Fletcher is being sued by the MBTA Retirement Fund and some of his own hedge funds on fraud accusations, according to a news report from The Boston Globe. The lawsuit, filed in New York, accuses Fletcher Asset Management and other parties of conducting a “long-running fraud” in which they misused client money for their own benefit, inappropriately took inflated management fees, and overstated the value of assets.
The Boston Globe reports the MBTA pension fund invested $25 million with Fletcher in 2007 on the advice of the pension fund’s former executive director, Karl White. White pitched the investment to the pension fund nine months after he had resigned from the MBTA to work for Fletcher.
Fletcher has told regulators his firm managed assets of $550 million. But the true figure “was always far less, as can be seen now, when honest and accurate valuations are applied,’’ according to case documents.
Plaintiffs in the case include the MBTA fund, the Fletcher Fixed Income Alpha Fund, and three other Fletcher entities. They are seeking $50 million, as well as management and attorney’s fees and interest. The funds suing Fletcher are considered separate legal entities, so they have the right to sue to recoup money for their investors, the news report says.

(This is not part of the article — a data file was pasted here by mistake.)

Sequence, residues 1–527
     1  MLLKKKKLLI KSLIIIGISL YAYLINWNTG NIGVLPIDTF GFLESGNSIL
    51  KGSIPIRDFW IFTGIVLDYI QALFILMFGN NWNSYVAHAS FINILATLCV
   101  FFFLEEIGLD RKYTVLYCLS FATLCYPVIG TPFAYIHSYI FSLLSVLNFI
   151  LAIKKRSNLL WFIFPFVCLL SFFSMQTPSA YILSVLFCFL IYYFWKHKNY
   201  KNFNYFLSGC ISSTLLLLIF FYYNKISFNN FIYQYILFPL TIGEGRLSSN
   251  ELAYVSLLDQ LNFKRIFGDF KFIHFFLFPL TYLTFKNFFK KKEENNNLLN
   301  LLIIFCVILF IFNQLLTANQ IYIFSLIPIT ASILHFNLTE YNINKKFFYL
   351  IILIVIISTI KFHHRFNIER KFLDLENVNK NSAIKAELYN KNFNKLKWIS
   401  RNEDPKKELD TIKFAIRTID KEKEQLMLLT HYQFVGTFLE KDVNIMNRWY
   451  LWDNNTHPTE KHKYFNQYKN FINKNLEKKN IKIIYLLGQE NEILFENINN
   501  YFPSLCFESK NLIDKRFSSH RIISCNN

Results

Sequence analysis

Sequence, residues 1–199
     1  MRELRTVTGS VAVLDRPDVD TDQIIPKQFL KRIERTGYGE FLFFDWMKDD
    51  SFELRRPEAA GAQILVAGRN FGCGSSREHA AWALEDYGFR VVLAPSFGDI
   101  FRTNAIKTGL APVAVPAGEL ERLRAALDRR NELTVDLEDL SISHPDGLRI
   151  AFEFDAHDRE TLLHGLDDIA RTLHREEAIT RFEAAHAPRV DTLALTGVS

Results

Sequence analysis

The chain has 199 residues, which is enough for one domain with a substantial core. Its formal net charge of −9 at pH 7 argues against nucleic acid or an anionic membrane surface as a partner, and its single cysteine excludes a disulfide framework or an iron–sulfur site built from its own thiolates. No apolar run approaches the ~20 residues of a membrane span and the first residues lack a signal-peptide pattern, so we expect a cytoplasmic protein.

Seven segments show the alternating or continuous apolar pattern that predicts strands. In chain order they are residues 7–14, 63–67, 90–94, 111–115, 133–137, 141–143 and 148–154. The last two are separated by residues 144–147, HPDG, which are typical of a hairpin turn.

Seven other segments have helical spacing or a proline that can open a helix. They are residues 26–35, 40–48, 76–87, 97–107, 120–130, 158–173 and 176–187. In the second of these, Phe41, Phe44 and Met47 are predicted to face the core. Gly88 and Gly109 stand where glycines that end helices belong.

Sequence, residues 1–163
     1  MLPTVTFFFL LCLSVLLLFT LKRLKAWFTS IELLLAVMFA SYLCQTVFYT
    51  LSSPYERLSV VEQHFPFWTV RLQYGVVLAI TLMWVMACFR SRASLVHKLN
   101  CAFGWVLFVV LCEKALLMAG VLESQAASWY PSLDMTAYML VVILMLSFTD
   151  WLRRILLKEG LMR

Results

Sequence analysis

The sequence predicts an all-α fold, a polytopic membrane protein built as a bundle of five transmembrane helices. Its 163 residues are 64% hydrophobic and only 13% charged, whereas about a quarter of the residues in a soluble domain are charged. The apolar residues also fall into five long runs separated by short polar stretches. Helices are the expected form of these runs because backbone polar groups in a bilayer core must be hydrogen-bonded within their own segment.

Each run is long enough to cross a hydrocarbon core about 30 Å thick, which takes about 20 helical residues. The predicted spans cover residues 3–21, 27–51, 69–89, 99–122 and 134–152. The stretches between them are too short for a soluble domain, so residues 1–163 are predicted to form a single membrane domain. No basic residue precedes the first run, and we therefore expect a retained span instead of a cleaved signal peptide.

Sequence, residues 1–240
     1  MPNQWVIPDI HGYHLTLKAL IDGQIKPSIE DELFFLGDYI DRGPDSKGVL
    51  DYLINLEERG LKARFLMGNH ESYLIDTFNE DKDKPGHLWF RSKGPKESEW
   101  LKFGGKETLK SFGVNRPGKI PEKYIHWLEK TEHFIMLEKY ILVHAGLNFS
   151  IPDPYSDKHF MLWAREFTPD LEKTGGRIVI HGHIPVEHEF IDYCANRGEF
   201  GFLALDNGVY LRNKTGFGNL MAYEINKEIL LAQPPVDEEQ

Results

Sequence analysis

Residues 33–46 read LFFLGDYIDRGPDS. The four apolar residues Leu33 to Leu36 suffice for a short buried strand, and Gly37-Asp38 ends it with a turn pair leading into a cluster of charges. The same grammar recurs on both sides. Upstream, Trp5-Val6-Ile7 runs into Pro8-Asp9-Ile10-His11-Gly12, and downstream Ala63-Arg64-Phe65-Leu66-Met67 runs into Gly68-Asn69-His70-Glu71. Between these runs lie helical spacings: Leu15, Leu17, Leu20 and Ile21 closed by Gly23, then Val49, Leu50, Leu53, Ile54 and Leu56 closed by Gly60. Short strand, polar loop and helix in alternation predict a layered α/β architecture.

The lawsuit is being pursued by the bankruptcy trustee, Richard Davis, the person responsible for managing claims by creditors. The Boston Globe report suggests Davis anticipates further lawsuits to emerge in the coming months.
Most of Fletcher’s hedge funds have been in bankruptcy since 2012, court documents and news reports show. The Boston Globe reports the U.S. Bankruptcy Court for the Southern District of New York recently confirmed a plan to liquidate one of the entities, Fletcher International Ltd. This latest lawsuit followed from that plan, the news report says.
Though the MBTA and three Louisiana pension funds are all pursuing Fletcher to recoup funds, it is unclear how much money he has (see “La. Pension Funds Petition for Liquidation of Hedge Fund”). The troubles of in Fletcher’s business came to light in 2011, when he sued fellow owners at the Dakota building in Manhattan for discrimination when they refused to let him buy a fifth apartment there, The Boston Globe reports.
The Securities and Exchange Commission and the FBI have been investigating Fletcher Asset Management. Massachusetts Attorney General Martha Coakley is investigating the MBTA pension fund over the transaction. She also urged the fund’s board to be more transparent in its dealings.
In a statement, the MBTA pension fund acknowledged the lawsuit but declined to comment further, according to the news report. In January, the pension fund also sued the auditor Grant Thornton in Chicago, Quantal, and another auditor, EisnerAmper of New York, in the Fletcher matter, according to the news report.